Updates from the council on coronavirus

Check the latest advice on COVID-19 →

Historic orangery restored to former glory

Published 20th August 2019

Inside the restored Orangery

The Deputy Mayor of Sandwell, Councillor Suzanne Hartwell and her consort Geoff Deakin attended the official opening of the Ingestre Orangery in Staffordshire.

The orangery has been restored to its former glory by the Friends of Ingestre Orangery - a group of people living in or around the Staffordshire village of Ingestre.

The Deputy Mayor and her consort were invited along with the Mayor of Stafford Borough Councillor Gareth Jones and the Mayoress of Stafford Borough - Mrs Renee Robinson.

Councillor Bob Lloyd, cabinet member for economic investment, also attended the opening. He said: "It was a real pleasure to be invited to the opening of Ingestre Orangery. I remember visiting Ingestre Hall when I was much younger so it brought back fond memories.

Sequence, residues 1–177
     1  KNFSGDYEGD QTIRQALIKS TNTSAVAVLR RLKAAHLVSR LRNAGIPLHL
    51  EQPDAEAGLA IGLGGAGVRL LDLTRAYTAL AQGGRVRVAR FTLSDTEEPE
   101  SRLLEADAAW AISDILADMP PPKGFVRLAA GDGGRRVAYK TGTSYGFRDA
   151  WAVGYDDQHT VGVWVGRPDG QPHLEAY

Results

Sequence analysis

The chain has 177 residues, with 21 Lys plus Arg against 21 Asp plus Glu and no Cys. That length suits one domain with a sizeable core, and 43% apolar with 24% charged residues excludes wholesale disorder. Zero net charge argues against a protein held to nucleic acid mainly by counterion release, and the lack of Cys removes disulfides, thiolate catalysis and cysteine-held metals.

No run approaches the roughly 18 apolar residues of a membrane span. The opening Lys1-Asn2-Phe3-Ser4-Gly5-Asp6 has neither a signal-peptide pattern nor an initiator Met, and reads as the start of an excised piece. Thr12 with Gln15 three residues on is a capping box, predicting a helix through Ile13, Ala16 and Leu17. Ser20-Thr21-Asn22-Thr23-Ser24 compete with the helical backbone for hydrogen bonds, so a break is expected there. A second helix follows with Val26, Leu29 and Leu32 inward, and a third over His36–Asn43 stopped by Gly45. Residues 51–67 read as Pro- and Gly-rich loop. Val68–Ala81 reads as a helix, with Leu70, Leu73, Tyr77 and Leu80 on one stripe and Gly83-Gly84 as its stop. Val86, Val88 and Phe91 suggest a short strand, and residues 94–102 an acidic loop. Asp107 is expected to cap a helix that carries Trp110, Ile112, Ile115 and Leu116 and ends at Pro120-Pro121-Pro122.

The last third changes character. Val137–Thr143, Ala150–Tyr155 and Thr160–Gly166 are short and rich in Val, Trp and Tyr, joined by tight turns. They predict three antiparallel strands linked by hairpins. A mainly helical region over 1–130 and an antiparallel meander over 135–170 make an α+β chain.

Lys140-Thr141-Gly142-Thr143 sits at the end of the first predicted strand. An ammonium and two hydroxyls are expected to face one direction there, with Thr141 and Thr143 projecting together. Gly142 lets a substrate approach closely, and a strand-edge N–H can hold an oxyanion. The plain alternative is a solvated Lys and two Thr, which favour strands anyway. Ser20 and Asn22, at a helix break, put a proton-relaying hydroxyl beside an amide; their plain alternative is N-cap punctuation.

"Phenomenal efforts have been made restore the orangery and I want to congratulate everyone who has been involved.

"This was a project very deserving of our grant and I am sure it will benefit visitors to Ingestre from Sandwell and the local community."

Deputy Mayor Councillor Suzanne Hartwell added: "After visiting the Orangery and its grounds, I am delighted to see that the restoration has been completed so successfully.

"Friends of Ingestre Orangery have made an incredible start by trying out numerous activities and events so that they can cater for the needs of local families and the wider community." 

Sandwell councillors gave a £150,000 grant towards the work to the Ingestre Orangery which was also funded with a National Lottery grant of £1,018,500.

The Orangery, built in 1613, was used for growing exotic fruit and plants by the Chetwynd-Talbots and later the Earls of Shrewsbury until 1959 when the estate was sold.

The hall, orangery and surrounding land were bought by West Bromwich Council as a residential arts centre for children, and is now owned by Sandwell Council.